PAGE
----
Middletown, CT: Wesleyan, 1961. First Edition. Beautifully and cryptically inscribed by Cage to longtime friend Ellsworth Snyder, on the printed front endpaper: "'for' Ellsworth Snyder  (and our shared devotion to Gertrude) 'in memory of my having ridden past there' in a VW microbus * 'when I was' 50** 'years old.' / John Cage / New Orleans 1963." Footnotes imbedded in the inscription above read as follows: " Dr. Aurelia Henry Reinhardt, President of Mills College / * 'on a bicycle' / ** '13'." Additionally signed by David Tudor on the front pastedown, with a page of his holograph performance notes laid in. Also laid in is a two-page carbon typescript of composer Toshi Ichiyanagi's instructions for his composition, Sapporo.
Snyder performed the composer's work on many occasions, perhaps most infamously at Cage's much-protested 1965 appearance at the University of Illinois: "At one point [Snyder] crawled under the piano, made a show of carefully marking a precise point on the under-body of the instrument with a tape measure, then hit that spot with a mallet. Even more provocative for that particular audience, he had planted a loose piano string in the instrument, and after striking an unusually percussive chord he slowly pulled the ostensibly broken string out of the piano. By this time the audience was screaming and throwing objects at the stage." (Johanne Rivest, In Advance of the Avant Garde: John Cage at the University of Illinois, 1952-69, 1999). Snyder interviewed Cage, wrote the first doctoral thesis on him in 1970, contributed the Cage timeline to Richard Kostelanetz's monograph, John Cage, authored several other works on the composer, and was the dedicatee of Cage's piece, ONE. David Tudor was Cage's premiere interpreter and performer in the 1960s. He gave the premiere of Cage's Music of Changes, Concerto For Piano and Orchestra and the notorious 4'33." Cage said that many of his pieces were written either specifically for Tudor to perform or with him in mind. The two worked closely together on many of Cage's pieces, both works for piano and electronic pieces. Upon Cage's death in 1992, Tudor took over as music director of the Merce Cunningham Dance Company. Among many works created for the company, Tudor composed Soundings: Ocean Diary (1994), the electronic component of Ocean, which was conceived by John Cage and Merce Cunningham.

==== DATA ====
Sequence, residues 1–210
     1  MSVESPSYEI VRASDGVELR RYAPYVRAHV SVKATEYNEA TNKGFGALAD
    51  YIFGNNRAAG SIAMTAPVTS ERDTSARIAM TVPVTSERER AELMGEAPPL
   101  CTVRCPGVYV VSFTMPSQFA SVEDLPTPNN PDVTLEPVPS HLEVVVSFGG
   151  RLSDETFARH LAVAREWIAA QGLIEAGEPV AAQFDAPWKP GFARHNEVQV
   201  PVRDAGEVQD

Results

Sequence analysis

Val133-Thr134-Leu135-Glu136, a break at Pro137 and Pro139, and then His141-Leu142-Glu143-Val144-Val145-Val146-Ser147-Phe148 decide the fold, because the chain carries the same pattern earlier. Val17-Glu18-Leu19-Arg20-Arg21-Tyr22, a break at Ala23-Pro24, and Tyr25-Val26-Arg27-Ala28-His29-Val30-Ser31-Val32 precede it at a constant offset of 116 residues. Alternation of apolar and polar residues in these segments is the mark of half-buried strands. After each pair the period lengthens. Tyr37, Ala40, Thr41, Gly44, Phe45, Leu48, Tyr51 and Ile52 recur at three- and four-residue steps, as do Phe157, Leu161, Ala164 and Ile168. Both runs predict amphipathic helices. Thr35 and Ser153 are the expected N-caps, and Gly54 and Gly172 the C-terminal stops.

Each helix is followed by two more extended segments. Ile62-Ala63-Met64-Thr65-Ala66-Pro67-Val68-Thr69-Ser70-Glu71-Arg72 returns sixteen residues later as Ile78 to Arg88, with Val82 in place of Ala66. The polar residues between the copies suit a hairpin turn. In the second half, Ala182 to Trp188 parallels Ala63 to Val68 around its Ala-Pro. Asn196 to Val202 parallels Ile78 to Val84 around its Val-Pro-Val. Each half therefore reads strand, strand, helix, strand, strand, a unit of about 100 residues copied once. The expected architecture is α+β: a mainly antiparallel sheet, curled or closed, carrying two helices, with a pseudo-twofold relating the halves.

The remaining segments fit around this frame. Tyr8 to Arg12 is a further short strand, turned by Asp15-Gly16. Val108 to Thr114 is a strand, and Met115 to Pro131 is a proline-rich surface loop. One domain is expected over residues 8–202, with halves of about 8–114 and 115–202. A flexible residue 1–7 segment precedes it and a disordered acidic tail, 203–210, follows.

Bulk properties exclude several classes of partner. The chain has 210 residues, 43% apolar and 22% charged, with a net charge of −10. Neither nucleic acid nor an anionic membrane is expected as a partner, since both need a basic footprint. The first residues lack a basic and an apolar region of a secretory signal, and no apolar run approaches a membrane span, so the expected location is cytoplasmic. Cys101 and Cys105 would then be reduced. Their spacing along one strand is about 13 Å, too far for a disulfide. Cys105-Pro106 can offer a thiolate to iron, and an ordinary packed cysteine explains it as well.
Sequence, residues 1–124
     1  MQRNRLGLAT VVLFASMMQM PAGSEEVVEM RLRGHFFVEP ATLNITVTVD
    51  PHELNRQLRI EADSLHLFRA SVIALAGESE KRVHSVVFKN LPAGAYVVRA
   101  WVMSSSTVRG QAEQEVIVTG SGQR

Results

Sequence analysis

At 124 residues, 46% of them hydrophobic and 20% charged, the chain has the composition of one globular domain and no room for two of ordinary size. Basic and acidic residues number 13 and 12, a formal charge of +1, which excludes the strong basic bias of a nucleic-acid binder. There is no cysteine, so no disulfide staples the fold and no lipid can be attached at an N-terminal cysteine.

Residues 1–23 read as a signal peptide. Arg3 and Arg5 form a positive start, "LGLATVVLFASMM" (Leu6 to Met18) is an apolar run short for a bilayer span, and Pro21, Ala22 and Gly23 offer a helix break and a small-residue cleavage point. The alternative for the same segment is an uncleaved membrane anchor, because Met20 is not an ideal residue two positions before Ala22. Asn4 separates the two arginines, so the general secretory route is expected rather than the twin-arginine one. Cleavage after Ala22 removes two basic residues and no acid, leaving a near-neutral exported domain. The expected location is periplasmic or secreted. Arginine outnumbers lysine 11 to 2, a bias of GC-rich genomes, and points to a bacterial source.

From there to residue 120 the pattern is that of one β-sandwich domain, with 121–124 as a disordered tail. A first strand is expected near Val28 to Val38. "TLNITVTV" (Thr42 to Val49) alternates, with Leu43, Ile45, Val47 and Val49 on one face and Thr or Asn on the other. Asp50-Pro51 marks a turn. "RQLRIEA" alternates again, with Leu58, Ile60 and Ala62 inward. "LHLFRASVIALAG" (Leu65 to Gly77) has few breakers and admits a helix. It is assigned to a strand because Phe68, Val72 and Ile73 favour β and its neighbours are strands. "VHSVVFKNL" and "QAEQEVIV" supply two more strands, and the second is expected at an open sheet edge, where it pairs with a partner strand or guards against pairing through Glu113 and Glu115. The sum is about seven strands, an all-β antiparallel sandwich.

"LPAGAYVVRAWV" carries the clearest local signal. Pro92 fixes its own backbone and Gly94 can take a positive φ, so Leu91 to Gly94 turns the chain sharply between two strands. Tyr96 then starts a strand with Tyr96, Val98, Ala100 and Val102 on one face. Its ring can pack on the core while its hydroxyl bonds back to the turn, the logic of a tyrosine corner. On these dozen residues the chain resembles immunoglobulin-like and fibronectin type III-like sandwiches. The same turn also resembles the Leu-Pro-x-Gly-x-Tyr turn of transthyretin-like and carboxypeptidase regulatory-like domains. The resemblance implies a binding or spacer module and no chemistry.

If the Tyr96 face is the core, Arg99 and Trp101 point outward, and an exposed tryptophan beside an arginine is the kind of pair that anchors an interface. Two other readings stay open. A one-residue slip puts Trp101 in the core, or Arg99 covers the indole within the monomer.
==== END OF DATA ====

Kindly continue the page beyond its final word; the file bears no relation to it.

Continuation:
At the time of this inscription (1963), Snyder was teaching music at Tulane University. Though not specifically dated, this book was almost certainly inscribed on April 8th, 1963 when Cage performed with Tudor (and others) at Dixon Hall Auditorium in New Orleans. Along with Ichiyanagi's Sapporo, Tudor that night also performed Cage's Atlas Eclipticalis with Winter Music, as well as Christian Wolff's For 5 or 10 Players. The page of Tudor's notes, however, seems to best refer to Cage's Variation II, which the pianist also regularly performed on tour in 1963. A superb association.
Fine in a Near Fine, price-clipped dust jacket. Jacket has just a touch of the usual rubbing.